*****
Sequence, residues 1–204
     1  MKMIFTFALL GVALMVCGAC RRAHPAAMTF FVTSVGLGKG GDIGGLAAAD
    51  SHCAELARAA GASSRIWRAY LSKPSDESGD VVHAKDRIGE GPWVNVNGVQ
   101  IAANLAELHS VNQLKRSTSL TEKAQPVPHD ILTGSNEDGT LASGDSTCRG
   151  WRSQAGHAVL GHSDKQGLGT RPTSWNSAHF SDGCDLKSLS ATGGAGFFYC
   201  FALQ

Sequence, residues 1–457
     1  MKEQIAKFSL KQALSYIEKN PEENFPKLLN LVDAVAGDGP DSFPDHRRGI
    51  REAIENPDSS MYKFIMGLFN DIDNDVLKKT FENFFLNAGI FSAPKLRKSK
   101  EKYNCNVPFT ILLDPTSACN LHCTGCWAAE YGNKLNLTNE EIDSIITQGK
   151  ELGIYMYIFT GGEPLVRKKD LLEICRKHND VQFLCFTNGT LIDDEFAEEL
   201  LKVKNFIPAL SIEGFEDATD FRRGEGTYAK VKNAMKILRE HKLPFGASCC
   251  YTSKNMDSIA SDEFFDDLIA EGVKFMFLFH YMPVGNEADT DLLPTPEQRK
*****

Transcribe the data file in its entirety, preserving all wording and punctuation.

Sequence, residues 1–204
     1  MKMIFTFALL GVALMVCGAC RRAHPAAMTF FVTSVGLGKG GDIGGLAAAD
    51  SHCAELARAA GASSRIWRAY LSKPSDESGD VVHAKDRIGE GPWVNVNGVQ
   101  IAANLAELHS VNQLKRSTSL TEKAQPVPHD ILTGSNEDGT LASGDSTCRG
   151  WRSQAGHAVL GHSDKQGLGT RPTSWNSAHF SDGCDLKSLS ATGGAGFFYC
   201  FALQ

Sequence, residues 1–457
     1  MKEQIAKFSL KQALSYIEKN PEENFPKLLN LVDAVAGDGP DSFPDHRRGI
    51  REAIENPDSS MYKFIMGLFN DIDNDVLKKT FENFFLNAGI FSAPKLRKSK
   101  EKYNCNVPFT ILLDPTSACN LHCTGCWAAE YGNKLNLTNE EIDSIITQGK
   151  ELGIYMYIFT GGEPLVRKKD LLEICRKHND VQFLCFTNGT LIDDEFAEEL
   201  LKVKNFIPAL SIEGFEDATD FRRGEGTYAK VKNAMKILRE HKLPFGASCC
   251  YTSKNMDSIA SDEFFDDLIA EGVKFMFLFH YMPVGNEADT DLLPTPEQRK